Star service

Eurostar’s OH department uses a proactive approach to innovate ideas and
provide a comprehensive range of services covering all aspects of the health of
its staff, by Elizabeth Harvey and Julia Wason

After many decades of deliberation, construction for a Channel tunnel began
in 1987. In 1994, Eurostar services started, initially with high speed, passenger-only
trains between London and Paris and Brussels. Within a short time Eurostar
firmly established its position as leader on the London to Paris and London to
Brussels air/rail markets – a position it has maintained and strengthened.

In 1999 Eurostar Group was formed to provide a centralised management to
determine commercial strategy and development of the product and service.

The service was, and continues to be operated by railways from the three
countries it serves – in the UK, by the private company Eurostar (UK), and in
France and Belgium by their national railways SNCF and SNCB respectively.
Together they provide around 60 services daily. These run from London and
Ashford in Kent to the European capitals with Lille and Calais Frethun en route.
Services also operate direct to Disneyland Paris and to the ski resorts of the
French Alps.

The British operating arm, Eurostar (UK), employs 1,500 people of various
nationalities who work at the international terminals at Waterloo and Ashford,
North Pole International Depot, Ashford Call Centre and offices in London.

Staff requirements

A high percentage of customer service and safety critical staff are required
to speak more than one language. Train drivers require a minimum of five years
driving experience on national railways before joining Eurostar.

They then have an extensive training programme including French language
tuition to enable them to drive trains on international routes. A high
percentage of staff work shift systems and travel regularly between Paris and

There are mandatory medical standards for particular categories of
occupations both for those employed and for potential employees. These
categories include drivers, train managers, engineering staff, and all other
employees who work in safety critical positions.

Background of the OH service

The occupational health service is managed as a job share between the
authors who both have 15 years experience in occupational health, and both of
whom have worked within commercial, educational, and railway environments. They
are used to working with a high degree of autonomy within a safety critical
business and have found sharing the job to be beneficial in many ways, such as
learning from each other’s strengths and solving problems by encouraging each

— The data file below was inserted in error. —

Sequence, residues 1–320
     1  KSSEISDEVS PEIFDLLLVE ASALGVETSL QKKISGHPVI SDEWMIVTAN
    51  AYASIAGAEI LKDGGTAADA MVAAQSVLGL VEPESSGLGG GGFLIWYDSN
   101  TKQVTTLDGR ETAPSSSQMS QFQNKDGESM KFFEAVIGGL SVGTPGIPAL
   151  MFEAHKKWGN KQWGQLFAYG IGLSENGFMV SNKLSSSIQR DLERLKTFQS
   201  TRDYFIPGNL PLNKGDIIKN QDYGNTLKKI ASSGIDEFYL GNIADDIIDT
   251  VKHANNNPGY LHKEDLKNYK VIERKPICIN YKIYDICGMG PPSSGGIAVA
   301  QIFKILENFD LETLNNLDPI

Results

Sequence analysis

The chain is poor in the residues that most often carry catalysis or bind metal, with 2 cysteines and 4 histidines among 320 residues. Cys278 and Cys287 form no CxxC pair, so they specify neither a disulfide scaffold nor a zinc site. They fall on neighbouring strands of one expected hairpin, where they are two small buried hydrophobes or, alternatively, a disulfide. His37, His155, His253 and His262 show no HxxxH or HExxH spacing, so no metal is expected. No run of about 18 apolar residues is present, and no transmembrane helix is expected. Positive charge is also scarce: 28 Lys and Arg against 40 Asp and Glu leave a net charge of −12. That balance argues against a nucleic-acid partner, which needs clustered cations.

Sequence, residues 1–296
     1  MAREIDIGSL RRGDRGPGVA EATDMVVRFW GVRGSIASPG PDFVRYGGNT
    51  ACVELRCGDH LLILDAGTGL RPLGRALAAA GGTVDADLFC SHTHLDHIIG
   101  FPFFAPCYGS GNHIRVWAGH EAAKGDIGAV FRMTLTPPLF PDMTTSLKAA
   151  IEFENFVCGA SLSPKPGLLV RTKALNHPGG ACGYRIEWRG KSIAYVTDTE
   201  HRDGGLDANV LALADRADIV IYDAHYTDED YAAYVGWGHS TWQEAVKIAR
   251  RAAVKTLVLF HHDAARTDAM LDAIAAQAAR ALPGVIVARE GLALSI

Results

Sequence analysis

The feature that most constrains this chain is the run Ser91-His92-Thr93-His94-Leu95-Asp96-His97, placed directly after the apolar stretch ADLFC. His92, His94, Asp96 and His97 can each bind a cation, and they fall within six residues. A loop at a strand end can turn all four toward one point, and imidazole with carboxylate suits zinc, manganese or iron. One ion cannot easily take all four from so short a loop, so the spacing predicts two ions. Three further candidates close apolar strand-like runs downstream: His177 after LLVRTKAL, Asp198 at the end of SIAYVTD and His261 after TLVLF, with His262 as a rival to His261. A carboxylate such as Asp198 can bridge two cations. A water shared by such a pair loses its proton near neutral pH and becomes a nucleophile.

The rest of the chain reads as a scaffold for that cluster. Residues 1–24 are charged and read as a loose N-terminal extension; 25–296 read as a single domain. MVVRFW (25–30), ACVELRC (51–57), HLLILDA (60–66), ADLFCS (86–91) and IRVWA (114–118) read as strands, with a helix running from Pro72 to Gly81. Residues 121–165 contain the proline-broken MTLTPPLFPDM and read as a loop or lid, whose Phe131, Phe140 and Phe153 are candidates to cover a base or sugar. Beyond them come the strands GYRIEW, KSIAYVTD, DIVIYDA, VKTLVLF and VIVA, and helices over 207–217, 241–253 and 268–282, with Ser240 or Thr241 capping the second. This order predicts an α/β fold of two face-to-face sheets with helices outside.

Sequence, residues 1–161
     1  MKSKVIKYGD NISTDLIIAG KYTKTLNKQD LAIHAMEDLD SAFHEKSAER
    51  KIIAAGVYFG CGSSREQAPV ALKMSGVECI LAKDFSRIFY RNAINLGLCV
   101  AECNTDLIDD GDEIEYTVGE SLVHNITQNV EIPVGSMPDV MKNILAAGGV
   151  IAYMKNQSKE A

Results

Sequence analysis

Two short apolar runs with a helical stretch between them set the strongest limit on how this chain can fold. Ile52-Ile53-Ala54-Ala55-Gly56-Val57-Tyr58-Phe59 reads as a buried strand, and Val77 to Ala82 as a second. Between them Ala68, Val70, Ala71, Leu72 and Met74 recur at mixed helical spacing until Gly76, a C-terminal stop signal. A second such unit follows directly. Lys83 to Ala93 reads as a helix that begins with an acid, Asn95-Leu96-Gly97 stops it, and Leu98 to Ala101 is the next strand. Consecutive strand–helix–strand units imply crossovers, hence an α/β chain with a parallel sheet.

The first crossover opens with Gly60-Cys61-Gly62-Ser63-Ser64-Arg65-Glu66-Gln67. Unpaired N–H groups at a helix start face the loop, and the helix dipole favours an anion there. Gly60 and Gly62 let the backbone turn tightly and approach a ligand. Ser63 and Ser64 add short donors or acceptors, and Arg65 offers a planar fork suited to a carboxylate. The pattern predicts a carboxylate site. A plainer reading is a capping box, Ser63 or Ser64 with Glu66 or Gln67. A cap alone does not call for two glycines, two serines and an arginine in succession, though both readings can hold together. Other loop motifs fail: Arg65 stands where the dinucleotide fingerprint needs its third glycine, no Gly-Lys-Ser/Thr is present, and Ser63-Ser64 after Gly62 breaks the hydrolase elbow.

other to think laterally. As Savage puts it, "Good communication skills
are fundamental to successful job sharing"1.

Other key elements are to plan and organise time and workload effectively
through handover procedures, to be flexible and to agree and present a united
view on issues.

They provide peer supervision to each other on a day-to-day basis and
acknowledge the need to obtain independent supervision to enhance their
professional development and practice. To this end they attend clinical
supervision on a monthly basis.

Within the framework of Eurostar (UK) human resources the aim is to provide
an occupational health service for all employees that attains the highest
professional standards possible and where there is a commitment to best
practice in occupational health nursing. In order to achieve this aim a
comprehensive range of OH services has been developed covering all issues
relating to the health of the employee.


The Eurostar (UK) business objectives are to maintain and improve safety
standards and the service it delivers to customers; to increase passenger
revenue and reduce operating costs, and to help employees achieve improved

With clear business objectives the role of occupational health can be
tailored to the business needs. As Artus and colleagues state, "The
objective of occupational health nursing practitioners is to contribute to the
bottom line financial performance of the company√Č through the protection and
promotion of the most costly elements in an organisation – the

The railway environment

Railways are a high hazard environment. Employees may witness fatalities
from suicides, and assaults, both verbal and physical, are a feature of the
industry. Public transport workers are therefore in a high risk group3.

Employees may be involved in a distressing incident and the company aims to
ensure that if they are exposed to a traumatic incident they are offered the
opportunity to talk to the occupational health manager for a critical incident
debriefing. Employees are offered an appointment 24-72 hours after an incident.
A company leaflet designed by the occupational health managers on
post-traumatic stress is given to employees who have experienced a traumatic
event to inform them of how they may feel and where to seek further support if
necessary. Employees may also be referred to GPs or counsellors trained in
traumatic stress when necessary.

Eurostar employees were closely involved in the rescue following the
Paddington/Ladbrooke Grove disaster on 5 October 1999 when two trains collided.